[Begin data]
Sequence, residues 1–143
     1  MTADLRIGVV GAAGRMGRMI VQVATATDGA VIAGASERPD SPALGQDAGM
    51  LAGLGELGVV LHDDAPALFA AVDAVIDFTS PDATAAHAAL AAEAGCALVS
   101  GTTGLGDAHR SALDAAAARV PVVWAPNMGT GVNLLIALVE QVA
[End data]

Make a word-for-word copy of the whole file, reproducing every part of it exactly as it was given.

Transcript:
Sequence, residues 1–143
     1  MTADLRIGVV GAAGRMGRMI VQVATATDGA VIAGASERPD SPALGQDAGM
    51  LAGLGELGVV LHDDAPALFA AVDAVIDFTS PDATAAHAAL AAEAGCALVS
   101  GTTGLGDAHR SALDAAAARV PVVWAPNMGT GVNLLIALVE QVA